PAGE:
Exoskeletons don’t really address that aspect of Covid-19 — even if you might require less of them as a result of using exoskeletons, you still require humans to wear them, after all — but the general focus that automation has had has brought more attention to the opportunity of using them.
And in any case, even putting the pandemic to one side, we are still a long way away from cost-effective robots that completely replace humans in all situations. So, as we roll out vaccinations and develop a better understanding of how the virus operates, this still means a strong market for the exoskeleton concept, which analysts (quoted by German Bionic) predict could be worth as much as $20 billion by 2030.
In that context, it’s interesting to consider Samsung as an investor: the company itself, as one of the world’s leading consumer electronics and industrial electronics providers, is a manufacturing powerhouse in its own right. But it also makes equipment for others to use in their industrial work, both as a direct brand and through subsidiaries like Harman. It’s not clear which of these use cases interests Samsung: whether to use the Cray X in its own manufacturing and logistics work, or whether to become a strategic partner in manufacturing these for others. It could easily be both.
“We are pleased to support German Bionic in its continued development of world-leading exoskeleton technology,” says Young Sohn, Corporate President and Chief Strategy Officer for Samsung Electronics and Chairman of the Board, Harman, in a statement. “Exoskeleton technologies have great promise in enhancing human’s health, wellbeing and productivity. We believe that it can be a transformative technology with mass market potential.”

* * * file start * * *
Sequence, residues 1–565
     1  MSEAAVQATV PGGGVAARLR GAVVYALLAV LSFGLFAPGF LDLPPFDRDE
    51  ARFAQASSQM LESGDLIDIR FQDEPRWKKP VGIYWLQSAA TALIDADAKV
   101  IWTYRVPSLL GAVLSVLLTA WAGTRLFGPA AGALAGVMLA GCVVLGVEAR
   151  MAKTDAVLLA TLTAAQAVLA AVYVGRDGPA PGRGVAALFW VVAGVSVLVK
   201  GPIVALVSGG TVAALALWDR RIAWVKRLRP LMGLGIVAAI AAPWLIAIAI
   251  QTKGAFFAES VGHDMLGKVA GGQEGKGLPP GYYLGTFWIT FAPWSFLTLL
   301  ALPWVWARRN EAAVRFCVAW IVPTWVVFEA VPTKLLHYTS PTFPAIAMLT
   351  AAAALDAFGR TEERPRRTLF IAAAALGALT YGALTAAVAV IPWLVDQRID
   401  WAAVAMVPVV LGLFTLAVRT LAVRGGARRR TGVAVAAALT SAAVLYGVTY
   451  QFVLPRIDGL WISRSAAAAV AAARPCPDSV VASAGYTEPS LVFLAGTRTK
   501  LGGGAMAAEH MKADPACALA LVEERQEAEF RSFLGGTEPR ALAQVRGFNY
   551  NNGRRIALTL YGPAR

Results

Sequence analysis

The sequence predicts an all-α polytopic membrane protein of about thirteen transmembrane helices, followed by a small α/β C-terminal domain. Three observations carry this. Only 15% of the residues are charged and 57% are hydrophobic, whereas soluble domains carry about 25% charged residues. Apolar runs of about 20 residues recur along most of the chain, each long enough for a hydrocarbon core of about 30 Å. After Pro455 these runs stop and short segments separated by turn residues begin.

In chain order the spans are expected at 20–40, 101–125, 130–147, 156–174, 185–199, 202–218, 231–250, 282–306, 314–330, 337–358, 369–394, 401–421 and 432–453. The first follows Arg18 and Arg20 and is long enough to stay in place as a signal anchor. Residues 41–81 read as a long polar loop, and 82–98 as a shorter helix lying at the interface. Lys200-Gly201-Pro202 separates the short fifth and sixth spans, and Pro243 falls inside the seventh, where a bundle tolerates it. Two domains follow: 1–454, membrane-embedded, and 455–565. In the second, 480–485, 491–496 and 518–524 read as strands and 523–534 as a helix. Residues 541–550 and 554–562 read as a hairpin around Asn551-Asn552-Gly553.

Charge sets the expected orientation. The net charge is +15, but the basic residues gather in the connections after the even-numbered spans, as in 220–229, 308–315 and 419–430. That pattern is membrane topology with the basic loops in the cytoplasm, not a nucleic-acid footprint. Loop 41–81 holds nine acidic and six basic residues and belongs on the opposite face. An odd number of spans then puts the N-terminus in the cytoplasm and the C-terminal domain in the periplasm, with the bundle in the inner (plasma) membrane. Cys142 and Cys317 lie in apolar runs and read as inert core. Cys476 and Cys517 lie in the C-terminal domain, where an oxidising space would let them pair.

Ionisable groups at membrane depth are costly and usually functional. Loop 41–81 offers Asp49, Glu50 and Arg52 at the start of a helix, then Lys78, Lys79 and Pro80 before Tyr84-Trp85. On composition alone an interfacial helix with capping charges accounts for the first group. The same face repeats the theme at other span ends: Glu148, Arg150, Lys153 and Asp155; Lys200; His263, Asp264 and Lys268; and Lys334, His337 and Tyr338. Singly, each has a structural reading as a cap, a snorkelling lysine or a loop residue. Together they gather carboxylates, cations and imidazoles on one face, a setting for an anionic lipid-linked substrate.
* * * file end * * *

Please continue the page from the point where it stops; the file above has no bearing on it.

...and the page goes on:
German Bionic describes its Cray X as a “self-learning power suit” aimed primarily at reinforcing lifting movements and to safeguard the wearer from making bad calls that could cause injuries. That could apply both to those in factories, or those in warehouses, or even sole trader mechanics working in your local garage. The company is not disclosing a list of customers, except to note that it includes, in the words of a spokesperson, “a big logistics player, industrial producers and infrastructure hubs.” One of these, the Stuttgart Airport, is highlighted on its site.
“Previously, efficiency gains and health promotion in manual labor were often at odds with one another. German Bionic Systems managed to not only break through this paradigm, but also to make manual labor a part of the digital transformation and elegantly integrate it into the smart factory,” says Michael Motschmann, managing partner with MIG in a statement. “We see immense potential with the company and are particularly happy to be working together with a first-class team of experienced entrepreneurs and engineers.”
Exoskeletons as a concept have been around for over a decade already — MIT developed its first exoskeleton, aimed to help soldiers carrying heavy loads — back in 2007, but advancements in cloud computing, smaller processors for the hardware itself, and artificial intelligence have really opened up the idea of where and how these might augment humans. In addition to industry, some of the other applications have included helping people with knee injuries (or looking to avoid knee injuries!) ski better, and for medical purposes, although the recent pandemic has put a strain on some of these use cases, leading to indefinite pauses in production.
By Ingrid Lunden